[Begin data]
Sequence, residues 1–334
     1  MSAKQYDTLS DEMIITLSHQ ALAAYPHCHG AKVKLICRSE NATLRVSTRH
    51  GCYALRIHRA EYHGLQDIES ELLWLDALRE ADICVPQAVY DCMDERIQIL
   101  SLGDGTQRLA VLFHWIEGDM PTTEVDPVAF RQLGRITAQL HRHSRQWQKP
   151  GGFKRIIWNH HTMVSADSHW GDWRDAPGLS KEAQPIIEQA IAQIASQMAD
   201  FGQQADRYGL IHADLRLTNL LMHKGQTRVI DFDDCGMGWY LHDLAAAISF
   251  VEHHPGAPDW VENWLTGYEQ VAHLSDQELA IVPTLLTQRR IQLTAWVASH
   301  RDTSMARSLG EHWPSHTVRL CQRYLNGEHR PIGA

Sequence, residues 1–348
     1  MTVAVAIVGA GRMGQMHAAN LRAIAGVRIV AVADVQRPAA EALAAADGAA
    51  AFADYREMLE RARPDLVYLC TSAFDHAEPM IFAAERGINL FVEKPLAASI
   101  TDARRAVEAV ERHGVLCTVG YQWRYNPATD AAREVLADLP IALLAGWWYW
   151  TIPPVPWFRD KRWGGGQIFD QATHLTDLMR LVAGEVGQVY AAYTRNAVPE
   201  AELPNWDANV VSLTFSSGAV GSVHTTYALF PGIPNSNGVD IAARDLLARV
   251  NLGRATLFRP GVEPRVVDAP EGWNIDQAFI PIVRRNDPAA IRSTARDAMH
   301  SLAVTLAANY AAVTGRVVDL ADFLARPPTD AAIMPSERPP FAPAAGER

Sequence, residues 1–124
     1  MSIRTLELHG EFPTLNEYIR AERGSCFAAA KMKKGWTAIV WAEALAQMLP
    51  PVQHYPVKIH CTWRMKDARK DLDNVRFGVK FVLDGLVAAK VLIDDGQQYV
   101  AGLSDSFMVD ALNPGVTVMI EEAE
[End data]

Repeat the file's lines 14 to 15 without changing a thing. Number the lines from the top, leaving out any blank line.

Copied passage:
   201  AELPNWDANV VSLTFSSGAV GSVHTTYALF PGIPNSNGVD IAARDLLARV
   251  NLGRATLFRP GVEPRVVDAP EGWNIDQAFI PIVRRNDPAA IRSTARDAMH